Contractors vs Employees: Does It Even Matter? [7FMS Ep. #53]

by Daniel Patterson


Season 3 of the podcast begins… and in this episode we talk about one of those topics that always seems to be a topic of conversation amongst school owners…

Employees vs contractors!

This is one of those topics that every school owner has to ask at some point in their career…

And, I want to say right from the beginning… 

We’re completely avoiding the obvious take on this topic. 

Our primary goal isn’t to talk about the IRS rules, what you should do, what to put in your contract, how to handle payroll, whether or not they should sign an NDA or a non-compete… that has been done to death, and – frankly – we have little desire to do it again. 

These topics and our answers on them might come up in a tangential way… but it’s not our main purpose.

Rather, we want to explore company culture, teacher retention, and student retention through this lens…

And examine why the tactical questions often get in the way of asking deeper questions that could benefit a school owner’s greater mission and purpose… as well as their bottom line!


Or, check out the video version of the podcast:



Here’s what we cover in the episode:

  • What we’re NOT going to talk about (we’re skipping the usual boring stuff)
  • Does this question even matter?!?! (HINT: Yes, but not for the reasons you are usually told)
  • Going deeper on the questions you ask before you shift the employment structure of your studio
  • Are employees naturally more invested in the business than contractors?
  • How contract work can provide a more flexible business model if your business structure allows it
  • Is there actually a cost difference between employees and contractors?
  • Highlighting the burdens of being a contractor… and how to address them with your workers
  • Highlighting the burdens of being a W2 employee… and the good news about all of this
  • How to predict which students will stay and which will quit every year
  • Nate describes our job as founders – building a community of great teachers
  • You don’t have a business unless it’s predictable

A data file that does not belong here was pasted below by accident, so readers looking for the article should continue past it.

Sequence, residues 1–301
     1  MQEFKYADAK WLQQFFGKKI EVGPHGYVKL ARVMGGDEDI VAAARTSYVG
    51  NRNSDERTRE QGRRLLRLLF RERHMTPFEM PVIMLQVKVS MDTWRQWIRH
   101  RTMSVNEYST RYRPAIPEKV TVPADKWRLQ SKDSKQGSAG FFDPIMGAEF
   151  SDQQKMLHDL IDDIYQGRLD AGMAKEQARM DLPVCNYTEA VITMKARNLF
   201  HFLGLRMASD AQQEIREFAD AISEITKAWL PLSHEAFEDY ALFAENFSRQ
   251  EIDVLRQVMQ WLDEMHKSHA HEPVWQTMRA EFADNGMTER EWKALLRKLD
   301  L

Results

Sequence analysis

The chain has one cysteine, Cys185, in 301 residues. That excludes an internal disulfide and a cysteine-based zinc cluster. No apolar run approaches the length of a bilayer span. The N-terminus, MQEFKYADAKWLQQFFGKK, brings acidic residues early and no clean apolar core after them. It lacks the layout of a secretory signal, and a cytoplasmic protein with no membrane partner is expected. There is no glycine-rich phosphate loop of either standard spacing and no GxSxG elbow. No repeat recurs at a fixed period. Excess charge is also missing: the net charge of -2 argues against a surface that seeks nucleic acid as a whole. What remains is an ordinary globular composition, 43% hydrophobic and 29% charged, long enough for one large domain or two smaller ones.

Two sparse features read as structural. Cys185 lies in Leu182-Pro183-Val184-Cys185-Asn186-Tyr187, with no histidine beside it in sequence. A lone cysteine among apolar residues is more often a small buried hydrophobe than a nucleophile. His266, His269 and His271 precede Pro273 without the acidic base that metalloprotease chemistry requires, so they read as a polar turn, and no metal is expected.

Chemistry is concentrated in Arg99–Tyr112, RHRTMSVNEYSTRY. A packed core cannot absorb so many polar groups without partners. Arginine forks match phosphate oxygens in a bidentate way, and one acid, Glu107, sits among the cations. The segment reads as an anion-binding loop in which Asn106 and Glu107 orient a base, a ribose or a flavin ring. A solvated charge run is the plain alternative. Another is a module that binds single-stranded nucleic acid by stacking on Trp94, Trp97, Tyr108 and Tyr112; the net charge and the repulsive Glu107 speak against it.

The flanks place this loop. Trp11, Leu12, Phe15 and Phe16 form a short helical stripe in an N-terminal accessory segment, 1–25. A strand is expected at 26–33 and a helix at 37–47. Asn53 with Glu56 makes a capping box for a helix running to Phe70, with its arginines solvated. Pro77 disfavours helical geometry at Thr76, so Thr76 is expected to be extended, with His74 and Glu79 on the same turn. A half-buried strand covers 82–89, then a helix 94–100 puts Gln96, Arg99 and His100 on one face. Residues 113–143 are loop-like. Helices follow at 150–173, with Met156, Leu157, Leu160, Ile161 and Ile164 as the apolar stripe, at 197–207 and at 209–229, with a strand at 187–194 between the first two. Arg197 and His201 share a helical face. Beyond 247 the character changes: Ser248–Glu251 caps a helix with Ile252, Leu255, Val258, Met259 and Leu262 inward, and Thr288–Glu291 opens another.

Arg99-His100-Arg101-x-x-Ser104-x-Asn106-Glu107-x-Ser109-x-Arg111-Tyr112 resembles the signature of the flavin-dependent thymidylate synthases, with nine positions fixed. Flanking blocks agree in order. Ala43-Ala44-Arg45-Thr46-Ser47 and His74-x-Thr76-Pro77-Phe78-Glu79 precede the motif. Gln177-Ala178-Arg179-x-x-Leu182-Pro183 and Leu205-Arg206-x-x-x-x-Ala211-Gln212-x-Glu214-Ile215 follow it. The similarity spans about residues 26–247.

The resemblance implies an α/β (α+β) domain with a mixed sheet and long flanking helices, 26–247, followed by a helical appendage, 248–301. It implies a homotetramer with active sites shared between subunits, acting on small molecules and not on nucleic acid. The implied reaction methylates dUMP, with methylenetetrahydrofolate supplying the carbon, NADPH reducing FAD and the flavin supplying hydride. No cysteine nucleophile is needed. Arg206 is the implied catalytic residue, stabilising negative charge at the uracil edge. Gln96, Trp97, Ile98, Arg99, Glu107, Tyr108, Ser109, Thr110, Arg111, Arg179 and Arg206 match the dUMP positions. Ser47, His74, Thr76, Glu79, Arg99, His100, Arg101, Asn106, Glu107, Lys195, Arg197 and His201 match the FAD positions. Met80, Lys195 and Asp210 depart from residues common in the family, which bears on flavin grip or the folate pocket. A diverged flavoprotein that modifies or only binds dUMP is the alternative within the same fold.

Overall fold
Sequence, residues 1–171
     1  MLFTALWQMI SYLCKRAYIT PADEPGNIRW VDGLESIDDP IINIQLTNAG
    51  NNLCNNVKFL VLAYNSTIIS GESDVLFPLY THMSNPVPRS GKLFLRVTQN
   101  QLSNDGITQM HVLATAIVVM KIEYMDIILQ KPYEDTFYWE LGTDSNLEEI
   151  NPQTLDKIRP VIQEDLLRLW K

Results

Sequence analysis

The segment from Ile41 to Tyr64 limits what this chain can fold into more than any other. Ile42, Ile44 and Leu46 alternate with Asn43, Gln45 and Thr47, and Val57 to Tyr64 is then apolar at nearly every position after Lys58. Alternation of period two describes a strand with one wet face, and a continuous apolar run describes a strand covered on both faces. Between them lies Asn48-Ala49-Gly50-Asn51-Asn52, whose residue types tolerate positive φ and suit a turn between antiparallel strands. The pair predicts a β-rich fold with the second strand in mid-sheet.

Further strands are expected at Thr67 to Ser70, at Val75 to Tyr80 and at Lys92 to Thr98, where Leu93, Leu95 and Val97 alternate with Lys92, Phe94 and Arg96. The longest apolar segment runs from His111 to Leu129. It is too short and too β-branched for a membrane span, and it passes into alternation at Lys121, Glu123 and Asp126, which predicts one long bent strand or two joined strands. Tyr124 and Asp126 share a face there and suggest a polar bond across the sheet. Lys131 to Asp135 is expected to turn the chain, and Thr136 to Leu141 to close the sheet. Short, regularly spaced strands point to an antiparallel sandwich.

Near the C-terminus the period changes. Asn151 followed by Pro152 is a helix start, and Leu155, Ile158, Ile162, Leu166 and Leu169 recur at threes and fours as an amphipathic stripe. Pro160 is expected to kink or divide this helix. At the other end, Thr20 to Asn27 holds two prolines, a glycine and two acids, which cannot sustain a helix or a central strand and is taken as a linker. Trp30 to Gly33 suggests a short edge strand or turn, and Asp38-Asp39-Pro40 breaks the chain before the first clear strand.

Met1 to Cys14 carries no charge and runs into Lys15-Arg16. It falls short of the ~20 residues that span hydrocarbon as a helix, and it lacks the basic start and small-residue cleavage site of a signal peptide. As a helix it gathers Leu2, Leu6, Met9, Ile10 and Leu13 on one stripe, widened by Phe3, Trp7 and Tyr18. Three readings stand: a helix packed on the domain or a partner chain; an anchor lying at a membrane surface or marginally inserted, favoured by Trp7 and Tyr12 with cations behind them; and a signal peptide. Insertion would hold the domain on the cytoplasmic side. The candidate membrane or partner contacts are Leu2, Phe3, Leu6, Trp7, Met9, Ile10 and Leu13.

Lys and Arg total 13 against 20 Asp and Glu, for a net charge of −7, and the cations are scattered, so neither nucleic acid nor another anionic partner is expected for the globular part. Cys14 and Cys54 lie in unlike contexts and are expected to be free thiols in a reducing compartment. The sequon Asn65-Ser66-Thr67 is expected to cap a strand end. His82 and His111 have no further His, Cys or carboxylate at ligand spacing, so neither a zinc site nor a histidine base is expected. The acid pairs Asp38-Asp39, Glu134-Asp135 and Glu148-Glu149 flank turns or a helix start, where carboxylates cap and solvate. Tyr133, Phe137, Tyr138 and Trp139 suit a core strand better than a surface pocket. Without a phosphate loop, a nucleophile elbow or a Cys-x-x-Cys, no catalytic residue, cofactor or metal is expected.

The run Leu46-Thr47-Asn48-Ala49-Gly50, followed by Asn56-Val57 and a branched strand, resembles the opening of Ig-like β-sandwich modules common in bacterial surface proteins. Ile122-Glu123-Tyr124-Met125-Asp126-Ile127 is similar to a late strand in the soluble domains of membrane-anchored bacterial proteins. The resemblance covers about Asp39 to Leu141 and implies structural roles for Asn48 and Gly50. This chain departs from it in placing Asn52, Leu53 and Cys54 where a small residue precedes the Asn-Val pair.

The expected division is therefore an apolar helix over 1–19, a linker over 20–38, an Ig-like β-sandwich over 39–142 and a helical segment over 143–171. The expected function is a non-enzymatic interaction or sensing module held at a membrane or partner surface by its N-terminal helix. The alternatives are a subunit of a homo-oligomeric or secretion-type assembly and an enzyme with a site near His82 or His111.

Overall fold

• Closing thoughts: The value of building a team that stays around for years

We’re so excited to be back for season 3 of the podcast!

What topic would you like us to cover in the upcoming episodes?

We won’t know unless you reach out and tell us!

You can do so by contacting us here.


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Daniel Patterson is a private teacher, writer, and marketing consultant for music schools. He began teaching in 2004. He co-founded and led marketing operations for a summer music camp that sees over 200 children each summer.

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  1. James Brandt

    I have never in three decades had any issues with the commitment of contractors in this setting. They make more money, They pay less taxes, I make more money, I pay fewer taxes, and I can keep my prices down and still use the most talented instructors in the area.

    I think the “building culture” area is more of a straw man than anything else. If you employ the correct contractors, there is NO issue. If you hire the correct employees, there is NO issue. If you employ the wrong contractors, you WILL have issues. At the same time, if you hire the wrong employees, you also WILL have issues.

    I have had two teachers leave in the last 8 years. One moved out of town and one decided to pursue another career. I also have an average student retention rate of just over 63 months.

    Teams can be employees, but teams can also be contractors.

    • Daniel Patterson

      James, that’s good! It sounds like you haven’t had an issue… but that is not the case for hundreds and hundreds of music school owners that we’ve talked to.

      And, I would make the argument that what you see as “hiring the correct employees” is actually not what’s happening.

      YOU have a culture that you’ve built, and it includes your job descriptions, your hiring funnel, how your school presents itself, even how you present yourself.

      Bad culture can turn an “A” player into a “B” or “C” player. Good culture can take a “C” player and turn them into a “B.”

      I will also point out that the main conclusion in your comment is actually the same as our main conclusion in the podcast… so I actually think we agree!


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